But Roberts, who was nominated by President George W. Bush for his position on the court, added: “The fact that people disagree with an opinion is no reason to criticize the legitimacy of the court.”
The chief justice is absolutely right to be concerned that Americans are losing confidence in the Supreme Court: A June Gallup poll found that 25% of respondents say they have confidence in the court, a record 40% two years ago.
The hard truth, however, is that Roberts must shift the blame for the loss of confidence in the Supreme Court to himself and his five fellow conservative justices.
Decisions recently made by conservative judges on current issues such as abortion, climate change regulations and gun laws have resembled rulings by the Republican National Committee more than the nation’s highest court.
The most glaring partisan decision overturned Roe v. Wade, ending a constitutional right guaranteed to women since 1973. Roberts voted to uphold Mississippi’s law banning abortion after 15 weeks of pregnancy but did not join his conservative colleagues in Roe’s reversal, a statement nearly two-thirds of Americans disagree with, a poll shows. from DailyExpertNews in July.
According to a Pew Research Center poll, the Supreme Court has fallen from 70% approval in 2020 to 48% this year — the lowest since Pew began following the court’s public approval in 1987. But the Dobbs v. Jackson decision to overthrow Roe isn’t the only reason for the court’s precipitous drop in the eyes of Americans.
In the same week that the Supreme Court ruled that states must decide whether a woman has the fundamental right to control her own body, the six conservative judges — including Roberts — repealed a century-old New York state law that requires people to carry a concealed weapon to meet additional requirements designed to reduce gun violence.
That decision came just weeks after a mass shooting in Buffalo, New York that left 10 dead, and at a time when a July DailyExpertNews poll found that 66% of Americans wanted tougher gun laws, up from 60% in 2019. The obvious discrepancies with how the public views these decisions have led many to believe, rightly or wrongly, that the conservative judges made decisions based on politics, not law.
The same can be said about the court’s rulings on matters involving religion: The court appeared to support the GOP’s goal of eroding the wall between church and state, with a few rulings condemning the six conservative judges, including Roberts, were again pitted against the three Liberal judges. the ones. One case ruled that the state of Maine could use taxpayers’ money to support private schools that provide religious education; the other sided with a public high school coach, who ruled he had a constitutionally protected right to pray, sometimes in the presence of team members, on the sidelines of the football field after games ended.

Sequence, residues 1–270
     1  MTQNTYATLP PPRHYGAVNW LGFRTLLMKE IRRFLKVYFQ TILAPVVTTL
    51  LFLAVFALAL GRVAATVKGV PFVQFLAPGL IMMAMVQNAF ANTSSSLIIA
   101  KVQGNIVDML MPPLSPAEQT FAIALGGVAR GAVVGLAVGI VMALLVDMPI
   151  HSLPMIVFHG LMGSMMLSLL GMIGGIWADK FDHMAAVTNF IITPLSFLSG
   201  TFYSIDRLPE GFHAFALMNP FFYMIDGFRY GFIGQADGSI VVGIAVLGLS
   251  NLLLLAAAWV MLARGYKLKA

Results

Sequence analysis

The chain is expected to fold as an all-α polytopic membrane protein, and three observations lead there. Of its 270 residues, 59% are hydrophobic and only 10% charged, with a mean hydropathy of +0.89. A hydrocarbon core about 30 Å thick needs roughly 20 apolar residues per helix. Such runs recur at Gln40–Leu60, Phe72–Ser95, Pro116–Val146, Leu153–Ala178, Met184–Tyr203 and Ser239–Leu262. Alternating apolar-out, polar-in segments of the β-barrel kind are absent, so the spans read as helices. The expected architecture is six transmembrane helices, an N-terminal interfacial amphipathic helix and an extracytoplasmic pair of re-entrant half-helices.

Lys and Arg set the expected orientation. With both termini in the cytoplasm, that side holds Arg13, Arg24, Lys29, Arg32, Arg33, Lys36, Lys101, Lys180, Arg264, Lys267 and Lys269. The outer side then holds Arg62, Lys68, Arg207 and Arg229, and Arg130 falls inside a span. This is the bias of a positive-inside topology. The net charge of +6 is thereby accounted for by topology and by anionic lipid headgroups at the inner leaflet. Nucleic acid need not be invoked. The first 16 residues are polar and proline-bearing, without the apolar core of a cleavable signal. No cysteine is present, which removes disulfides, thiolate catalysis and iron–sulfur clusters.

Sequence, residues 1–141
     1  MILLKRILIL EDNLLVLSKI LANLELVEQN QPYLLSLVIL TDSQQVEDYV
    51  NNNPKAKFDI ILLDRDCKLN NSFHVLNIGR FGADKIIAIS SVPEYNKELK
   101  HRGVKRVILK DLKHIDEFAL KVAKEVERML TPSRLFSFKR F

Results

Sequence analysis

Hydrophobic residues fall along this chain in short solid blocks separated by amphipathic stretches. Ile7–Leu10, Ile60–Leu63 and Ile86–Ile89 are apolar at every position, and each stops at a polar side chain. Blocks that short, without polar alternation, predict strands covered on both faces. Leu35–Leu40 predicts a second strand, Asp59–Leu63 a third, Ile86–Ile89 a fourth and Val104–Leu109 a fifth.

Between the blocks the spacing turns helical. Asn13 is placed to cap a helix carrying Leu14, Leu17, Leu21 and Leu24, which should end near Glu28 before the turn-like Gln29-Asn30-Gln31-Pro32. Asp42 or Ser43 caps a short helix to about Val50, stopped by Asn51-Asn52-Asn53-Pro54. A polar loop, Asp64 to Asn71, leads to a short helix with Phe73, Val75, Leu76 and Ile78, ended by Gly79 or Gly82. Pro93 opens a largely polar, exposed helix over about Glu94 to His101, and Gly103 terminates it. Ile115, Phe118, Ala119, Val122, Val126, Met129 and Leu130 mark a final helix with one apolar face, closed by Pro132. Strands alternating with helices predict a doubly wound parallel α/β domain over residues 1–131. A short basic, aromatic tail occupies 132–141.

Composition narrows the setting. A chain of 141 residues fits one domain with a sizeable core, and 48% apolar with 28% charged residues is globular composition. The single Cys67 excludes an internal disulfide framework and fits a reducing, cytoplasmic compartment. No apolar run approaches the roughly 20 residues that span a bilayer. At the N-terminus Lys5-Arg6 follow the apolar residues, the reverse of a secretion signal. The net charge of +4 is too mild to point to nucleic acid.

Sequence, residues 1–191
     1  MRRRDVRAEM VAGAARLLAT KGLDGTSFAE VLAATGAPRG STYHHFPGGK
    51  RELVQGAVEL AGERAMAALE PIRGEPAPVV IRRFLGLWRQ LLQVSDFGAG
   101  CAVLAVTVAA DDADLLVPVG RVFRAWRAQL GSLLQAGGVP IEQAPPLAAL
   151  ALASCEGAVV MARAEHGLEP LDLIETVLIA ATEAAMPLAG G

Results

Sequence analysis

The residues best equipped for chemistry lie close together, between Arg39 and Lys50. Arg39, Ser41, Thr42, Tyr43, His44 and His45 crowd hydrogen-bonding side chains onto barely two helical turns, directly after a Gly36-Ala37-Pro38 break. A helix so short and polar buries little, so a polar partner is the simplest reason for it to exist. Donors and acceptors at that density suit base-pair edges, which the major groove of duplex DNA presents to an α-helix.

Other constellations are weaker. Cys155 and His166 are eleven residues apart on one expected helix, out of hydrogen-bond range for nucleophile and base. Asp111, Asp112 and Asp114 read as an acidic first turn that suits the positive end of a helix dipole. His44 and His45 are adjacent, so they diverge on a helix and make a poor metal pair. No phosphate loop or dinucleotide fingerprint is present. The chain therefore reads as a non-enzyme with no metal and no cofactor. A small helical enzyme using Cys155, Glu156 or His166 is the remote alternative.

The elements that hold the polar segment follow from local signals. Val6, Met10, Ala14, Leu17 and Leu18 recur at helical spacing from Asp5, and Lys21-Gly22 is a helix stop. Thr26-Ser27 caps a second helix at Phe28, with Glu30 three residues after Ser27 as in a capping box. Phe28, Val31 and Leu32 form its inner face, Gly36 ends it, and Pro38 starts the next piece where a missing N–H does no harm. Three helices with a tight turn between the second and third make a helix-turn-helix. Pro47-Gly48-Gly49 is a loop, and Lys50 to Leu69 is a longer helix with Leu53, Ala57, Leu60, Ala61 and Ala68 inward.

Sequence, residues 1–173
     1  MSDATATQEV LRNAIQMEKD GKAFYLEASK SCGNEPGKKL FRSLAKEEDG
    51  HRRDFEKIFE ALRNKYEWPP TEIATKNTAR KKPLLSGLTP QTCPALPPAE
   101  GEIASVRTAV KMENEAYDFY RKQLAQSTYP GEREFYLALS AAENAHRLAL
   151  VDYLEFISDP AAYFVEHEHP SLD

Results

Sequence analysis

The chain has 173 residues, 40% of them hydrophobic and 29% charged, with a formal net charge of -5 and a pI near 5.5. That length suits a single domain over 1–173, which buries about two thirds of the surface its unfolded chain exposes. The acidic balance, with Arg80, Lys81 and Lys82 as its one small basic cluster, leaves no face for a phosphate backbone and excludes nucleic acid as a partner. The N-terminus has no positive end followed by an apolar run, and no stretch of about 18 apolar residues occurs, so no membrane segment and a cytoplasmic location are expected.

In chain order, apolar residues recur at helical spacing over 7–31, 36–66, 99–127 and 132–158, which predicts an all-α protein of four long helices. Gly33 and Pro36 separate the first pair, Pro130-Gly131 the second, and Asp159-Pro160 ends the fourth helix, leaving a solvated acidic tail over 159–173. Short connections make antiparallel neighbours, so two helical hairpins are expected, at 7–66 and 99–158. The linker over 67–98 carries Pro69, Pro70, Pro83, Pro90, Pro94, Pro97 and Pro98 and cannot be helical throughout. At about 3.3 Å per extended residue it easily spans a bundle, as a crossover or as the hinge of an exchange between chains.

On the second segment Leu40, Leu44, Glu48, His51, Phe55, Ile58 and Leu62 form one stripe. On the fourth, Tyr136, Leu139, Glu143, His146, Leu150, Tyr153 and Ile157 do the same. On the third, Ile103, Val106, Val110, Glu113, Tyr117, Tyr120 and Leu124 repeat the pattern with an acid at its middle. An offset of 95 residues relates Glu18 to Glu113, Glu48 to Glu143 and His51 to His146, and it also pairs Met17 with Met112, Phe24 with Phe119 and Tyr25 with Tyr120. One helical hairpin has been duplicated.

These same six conservative Supreme Court justices limited the Environmental Protection Agency’s ability to broadly regulate carbon emissions from existing power plants, in what was seen as a victory for the GOP that has long opposed climate-related regulation and a loss for the government. Biden administration. Roberts wrote that decision himself.
Two more 6-3 rulings in which conservatives prevailed limit the protection of criminal suspects while making it harder to hold the police accountable for violating one’s constitutional rights.
All of this helps explain the recent Pew poll, which found that only 28% of Democrats and Democratic-oriented independents favor the Supreme Court, compared to 73% of Republicans and those leaning Republicans who had a favorable opinion of the court. It marks the largest partisan divide in terms of court views in the 35 years Pew has conducted this poll.
If Roberts wants to improve the legitimacy of the court, he must turn his attention to his fellow conservative judges — not to the millions of Americans who rightly view this 6-3 conservative court as little more than an arm of the GOP.
Aside from that, the chief justice shouldn’t be surprised if a future Congress, controlled by Democrats, reforms or even expands the Supreme Court in hopes of increasing confidence in our nation’s supreme court for the millions who have lost it.